Thursday, January 17, 2013
101 Guggenheim Lab, Lees-Kubota Lecture Hall
Resnick Institute Seminar
Optoelectronic Devices Based on Colloidal Quantum Dot Solids
Ted Sargent, Optoelectronic Devices Based on Colloidal Quantum Dot Solids, University of Toronto
Seminar given by Ted Sargent Ph.D.
Solution-processed photovoltaics offer a cost-effective path to harvesting the abundant resource that is solar energy. The organic and polymer semiconductors at the heart of these devices generally absorb visible light; however, half of the Sun's power reaching the Earth's surface lies in the infrared.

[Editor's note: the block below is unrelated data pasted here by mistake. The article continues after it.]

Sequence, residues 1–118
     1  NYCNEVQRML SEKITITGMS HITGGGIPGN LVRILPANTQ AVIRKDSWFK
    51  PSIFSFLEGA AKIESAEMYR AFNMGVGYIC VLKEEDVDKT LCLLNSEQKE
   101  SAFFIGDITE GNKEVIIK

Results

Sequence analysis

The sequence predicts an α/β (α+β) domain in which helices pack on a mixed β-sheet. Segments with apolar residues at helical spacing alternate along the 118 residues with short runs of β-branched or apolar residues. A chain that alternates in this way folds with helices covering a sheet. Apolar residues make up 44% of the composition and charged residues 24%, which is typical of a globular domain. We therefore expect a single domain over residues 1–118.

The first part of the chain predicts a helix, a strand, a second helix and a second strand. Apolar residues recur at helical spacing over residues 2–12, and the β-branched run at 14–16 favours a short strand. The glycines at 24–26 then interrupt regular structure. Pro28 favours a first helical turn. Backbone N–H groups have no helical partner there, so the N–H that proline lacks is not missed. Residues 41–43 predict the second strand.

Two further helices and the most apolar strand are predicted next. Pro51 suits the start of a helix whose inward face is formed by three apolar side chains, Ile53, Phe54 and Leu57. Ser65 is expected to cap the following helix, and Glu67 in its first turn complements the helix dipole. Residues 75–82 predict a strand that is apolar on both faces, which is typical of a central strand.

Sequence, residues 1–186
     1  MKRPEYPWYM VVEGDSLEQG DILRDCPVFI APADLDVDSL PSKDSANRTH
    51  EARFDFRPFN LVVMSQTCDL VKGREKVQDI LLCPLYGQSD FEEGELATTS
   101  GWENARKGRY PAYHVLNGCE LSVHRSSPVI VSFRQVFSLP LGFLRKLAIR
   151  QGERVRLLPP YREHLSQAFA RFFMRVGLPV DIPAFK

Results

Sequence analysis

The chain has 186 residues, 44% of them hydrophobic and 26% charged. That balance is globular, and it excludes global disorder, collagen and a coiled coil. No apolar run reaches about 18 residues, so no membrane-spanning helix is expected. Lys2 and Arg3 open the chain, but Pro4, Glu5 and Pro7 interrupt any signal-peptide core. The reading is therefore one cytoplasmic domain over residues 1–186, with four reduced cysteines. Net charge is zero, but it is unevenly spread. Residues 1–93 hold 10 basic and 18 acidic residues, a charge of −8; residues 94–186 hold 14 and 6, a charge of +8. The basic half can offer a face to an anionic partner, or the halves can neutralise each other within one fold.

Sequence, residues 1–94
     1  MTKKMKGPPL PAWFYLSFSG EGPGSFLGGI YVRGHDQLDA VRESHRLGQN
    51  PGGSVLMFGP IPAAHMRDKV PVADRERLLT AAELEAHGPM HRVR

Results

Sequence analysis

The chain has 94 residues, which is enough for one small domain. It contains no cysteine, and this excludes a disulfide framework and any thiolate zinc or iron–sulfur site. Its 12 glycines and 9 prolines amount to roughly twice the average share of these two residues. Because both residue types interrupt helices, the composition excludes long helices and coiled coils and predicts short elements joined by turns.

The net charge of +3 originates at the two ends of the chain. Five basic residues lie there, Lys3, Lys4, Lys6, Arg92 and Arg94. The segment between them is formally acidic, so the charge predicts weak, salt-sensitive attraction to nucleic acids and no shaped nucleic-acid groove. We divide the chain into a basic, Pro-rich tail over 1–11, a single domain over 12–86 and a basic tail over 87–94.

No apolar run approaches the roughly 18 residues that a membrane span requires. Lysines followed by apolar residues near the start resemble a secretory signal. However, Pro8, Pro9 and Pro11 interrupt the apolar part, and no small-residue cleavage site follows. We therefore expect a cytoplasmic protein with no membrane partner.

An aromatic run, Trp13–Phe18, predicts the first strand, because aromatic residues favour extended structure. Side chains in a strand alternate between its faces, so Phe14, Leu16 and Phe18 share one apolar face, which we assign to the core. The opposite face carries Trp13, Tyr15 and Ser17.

Flexible solar cells that harvest wavelengths beyond 1 μm were first reported in 2005, and were based on the application of quantum-size-effect-tuned infrared-bandgap colloidal quantum dots. Since then, we have reported certified solar power conversion efficiencies exceeding 7%. Recent advances of interest include all-quantum-tuned tandem solar cells; and the emergence of all-inorganic colloidal quantum dot materials that use halide anions, instead of conventional organic ligands, for passivation.
I will summarize advances in the materials chemistry, fabrication, physical understanding, and performance-oriented engineering of colloidal quantum dot solar cells and light sensors.